Can you eat frankincense?

In this article, we will answer the question “Can you eat frankincense?”, and what are the health benefits of frankincense?

Can you eat frankincense?

Yes, you can eat frankincense. Do not take frankincense tablets or supplements without consulting your doctor.

What is the Effective dosage of frankincense? 

The safe and effective dosage of frankincense varies from person to person. Therefore, it is important to get in touch with your doctor before taking frankincense supplements. 

Self-medication can sometimes have negative consequences. The safe dosage of frankincense for individuals suffering from several conditions is given below. These dosages comply with scientific studies.

Asthma 200 or 500 mg per day
IBS 250 mg per day
Osteoarthritis 170 mg, twice per day
Ulcerative colitis 250 mg per day

The recommended dosage for using frankincense to improve oral health and in creams is unknown.

Health benefits of frankincense 

May reduce arthritis

The anti-inflammatory properties of frankincense can help prevent arthritis. This is attributed to the presence of two main compounds, known as terpenes and boswellic acid, in frankincense. 

These compounds work antagonistically to the inflammation-causing compound known as leukotrienes

Frankincense may also prevent the joint pain that occurs due to rheumatoid and osteoarthritis. More scientific research needs to be conducted to prove the positive impact of frankincense on rheumatoid arthritis.

May improve gut function

The anti-inflammatory properties of frankincense are also effective in preventing gut disorders. 

A 2017 study showed that frankincense, in combination with some herbal medicines, relieved abdominal pain, bloating, and even associated depression and anxiety in people suffering from IBS. 

Several other studies have shown that the intake of Boswellia supplements efficiently reduced the symptoms of ulcerative colitis.

Improves asthma 

Frankincense has been used for ages to treat bronchitis and asthma. Certain anti-inflammatory compounds in frankincense prevent inflammation and the production of mucus by preventing the release of leukotrienes and Th2 cytokines.

Mainatins oral health 

The anti-bacterial properties of frankincense keep the mouth clean and prevent oral infections. Studies have shown that frankincense inhibits the growth of Aggregatibacter actinomycetemcomitans; the bacteria responsible for most gum infections.

May have anti-cancer properties 

Several test-tube studies have proven the anti-cancer properties of frankincense. This is ascribed to the Boswellic acids present in the frankincense. It may help prevent breast, prostate, pancreatic, skin, and colon cancer cells.

Common myths 

Helps prevnts diabetes 

The myth claims that frankincense can help prevent diabetes by controlling blood sugar levels. But there is not enough scientific evidence to support this claim.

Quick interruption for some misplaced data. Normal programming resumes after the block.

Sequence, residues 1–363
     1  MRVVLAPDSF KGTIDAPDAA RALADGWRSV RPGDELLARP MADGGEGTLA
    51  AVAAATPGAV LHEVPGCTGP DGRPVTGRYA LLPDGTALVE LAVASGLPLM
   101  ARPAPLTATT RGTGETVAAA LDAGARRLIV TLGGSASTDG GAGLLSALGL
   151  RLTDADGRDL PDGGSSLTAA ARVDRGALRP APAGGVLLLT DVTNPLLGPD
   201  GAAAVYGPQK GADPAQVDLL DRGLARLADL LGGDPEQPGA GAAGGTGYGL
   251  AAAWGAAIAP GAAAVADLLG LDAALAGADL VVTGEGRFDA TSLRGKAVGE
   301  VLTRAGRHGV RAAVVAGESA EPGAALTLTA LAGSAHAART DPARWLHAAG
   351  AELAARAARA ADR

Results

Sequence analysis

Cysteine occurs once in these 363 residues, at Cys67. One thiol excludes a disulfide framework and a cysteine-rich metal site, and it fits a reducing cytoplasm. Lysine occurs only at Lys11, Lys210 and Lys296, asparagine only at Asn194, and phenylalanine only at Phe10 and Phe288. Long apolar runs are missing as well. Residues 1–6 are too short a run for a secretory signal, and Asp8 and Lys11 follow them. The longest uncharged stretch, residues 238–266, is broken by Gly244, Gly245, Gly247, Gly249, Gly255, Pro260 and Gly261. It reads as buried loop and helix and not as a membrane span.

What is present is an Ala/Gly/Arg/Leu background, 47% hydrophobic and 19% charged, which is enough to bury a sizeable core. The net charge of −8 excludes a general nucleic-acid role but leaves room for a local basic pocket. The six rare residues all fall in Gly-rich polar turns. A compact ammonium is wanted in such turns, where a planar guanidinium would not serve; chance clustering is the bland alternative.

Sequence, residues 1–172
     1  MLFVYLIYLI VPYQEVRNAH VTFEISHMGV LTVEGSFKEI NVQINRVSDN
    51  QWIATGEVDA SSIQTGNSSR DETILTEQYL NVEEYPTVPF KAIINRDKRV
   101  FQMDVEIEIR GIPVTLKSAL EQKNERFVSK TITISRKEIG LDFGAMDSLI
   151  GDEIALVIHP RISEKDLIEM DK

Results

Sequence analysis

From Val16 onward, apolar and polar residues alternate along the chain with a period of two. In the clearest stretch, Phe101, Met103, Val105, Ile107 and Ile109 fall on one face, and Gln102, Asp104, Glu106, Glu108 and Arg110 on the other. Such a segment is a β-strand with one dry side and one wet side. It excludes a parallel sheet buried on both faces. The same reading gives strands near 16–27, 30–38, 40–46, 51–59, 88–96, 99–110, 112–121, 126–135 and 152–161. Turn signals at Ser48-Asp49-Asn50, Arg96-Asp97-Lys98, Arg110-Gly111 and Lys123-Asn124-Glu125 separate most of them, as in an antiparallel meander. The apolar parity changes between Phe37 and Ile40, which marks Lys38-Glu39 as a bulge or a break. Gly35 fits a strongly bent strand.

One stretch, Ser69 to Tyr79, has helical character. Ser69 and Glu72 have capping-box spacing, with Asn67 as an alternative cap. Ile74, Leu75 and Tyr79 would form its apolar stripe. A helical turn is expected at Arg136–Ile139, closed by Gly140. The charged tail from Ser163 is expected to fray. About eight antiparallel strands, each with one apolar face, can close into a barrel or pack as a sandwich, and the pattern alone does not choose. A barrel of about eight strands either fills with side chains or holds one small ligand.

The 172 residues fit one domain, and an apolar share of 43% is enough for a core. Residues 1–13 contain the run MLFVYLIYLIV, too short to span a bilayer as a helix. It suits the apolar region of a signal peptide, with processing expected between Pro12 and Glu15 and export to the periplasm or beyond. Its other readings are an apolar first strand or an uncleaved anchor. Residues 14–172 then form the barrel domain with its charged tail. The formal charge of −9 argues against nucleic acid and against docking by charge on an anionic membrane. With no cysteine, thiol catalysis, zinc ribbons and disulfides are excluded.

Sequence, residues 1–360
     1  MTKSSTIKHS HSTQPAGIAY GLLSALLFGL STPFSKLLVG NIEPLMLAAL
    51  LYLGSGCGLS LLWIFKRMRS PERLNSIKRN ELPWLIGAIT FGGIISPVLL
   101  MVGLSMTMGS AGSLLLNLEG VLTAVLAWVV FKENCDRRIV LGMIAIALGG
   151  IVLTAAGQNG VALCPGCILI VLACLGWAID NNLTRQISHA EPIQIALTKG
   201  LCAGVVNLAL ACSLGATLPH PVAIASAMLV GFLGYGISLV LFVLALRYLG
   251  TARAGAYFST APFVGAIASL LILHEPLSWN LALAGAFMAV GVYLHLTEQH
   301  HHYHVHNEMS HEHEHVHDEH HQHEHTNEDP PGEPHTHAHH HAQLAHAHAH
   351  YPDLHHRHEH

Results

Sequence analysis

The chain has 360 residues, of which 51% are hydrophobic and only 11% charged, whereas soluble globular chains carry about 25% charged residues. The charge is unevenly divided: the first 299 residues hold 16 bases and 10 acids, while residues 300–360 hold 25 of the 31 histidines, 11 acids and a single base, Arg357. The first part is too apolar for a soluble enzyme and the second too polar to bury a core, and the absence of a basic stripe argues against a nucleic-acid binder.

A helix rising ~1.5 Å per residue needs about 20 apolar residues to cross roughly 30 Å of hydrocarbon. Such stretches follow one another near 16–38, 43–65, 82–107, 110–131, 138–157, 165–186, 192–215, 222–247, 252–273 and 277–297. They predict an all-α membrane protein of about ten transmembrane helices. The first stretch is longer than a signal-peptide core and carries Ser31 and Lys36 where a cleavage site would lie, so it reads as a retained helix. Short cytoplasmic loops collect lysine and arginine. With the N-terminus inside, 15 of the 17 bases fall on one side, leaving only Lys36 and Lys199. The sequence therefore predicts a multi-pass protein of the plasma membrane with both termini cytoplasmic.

Reduces stress, anxiety, and depression

Several lab tests on rats have shown that frankincense helped relieve the symptoms of stress, anxiety, and depression. There is a lack of human-based experiments to support this claim.

Prevents heart diseases

Inflammation is the leading cause of heart disease. The anti-inflammatory properties are well-known and backed by scientific evidence. However, the positive effect of frankincense in preventing heart disease needs more experimentation.

Promotes smooth skin

Frankincense essential oil is effective against acne and anti-aging signs. However, the lack of scientific evidence makes this claim doubtful.

Improves memory 

Lab tests showed that frankincense supplements improve the memory of rats used as specimens. More experiments and evidence are needed to validate this theory in humans.

Balances hormones and reduces the symptoms of PMS

The positive effect of frankincense in alleviating menstrual cramping, nausea, headaches, and mood swings and delaying menopause needs more scientific evidence.

Enhances fertility 

Few studies have shown that frankincense supplements improved fertility in rats. More experiments need to be conducted on humans to support this claim.

How to use frankincense?

It could be used topically or taken orally in the form of capsules or tablets. Consult with your health care provider before taking frankincense supplements. 

For topical use, it is better to combine frankincense with a carrier oil. This reduces the viscosity of frankincense essential oil. This essential oil is inhaled as a part of aromatherapy.

Mix a drop or two of frankincense essential oil with your favorite oil like almond oil or lotion to apply to the skin. 

Mix some frankincense essential oil with milk and mix it in your bath water to create an aromatic soap. Applying frankincense oil to pulse points during meditation or yoga or to a hot compress can help you relax.

Possible side effects 

Reported side effects of the overdose of frankincense include indigestion, constipation, and nausea. Research is underway on the effectiveness of frankincense in treating covid-19.

Frankincense hinders the working of certain medications, especially blood thinners (e.g warfarin) and possibly nonsteroid anti-inflammatory drugs (NSAIDs) like ibuprofen. 

Special precautions and warning 

Pregnant and breastfeeding women have low immunity and are going through many hormonal changes. Therefore, such women should not take any medication, be it frankincense, without consulting their doctor. 

Conclusion

In this article, we answered the question “Can you eat frankincense?”, and what are the health benefits of frankincense?

References

https://www.healthline.com/nutrition/frankincense#TOC_TITLE_HDR_7
https://www.medicalnewstoday.com/articles/314366#essential-oil

Hello, I'm Sana Ameer. I'm a student of Food Science and Technology at UVAS. I like to bake and I aspire to become a Food blogger.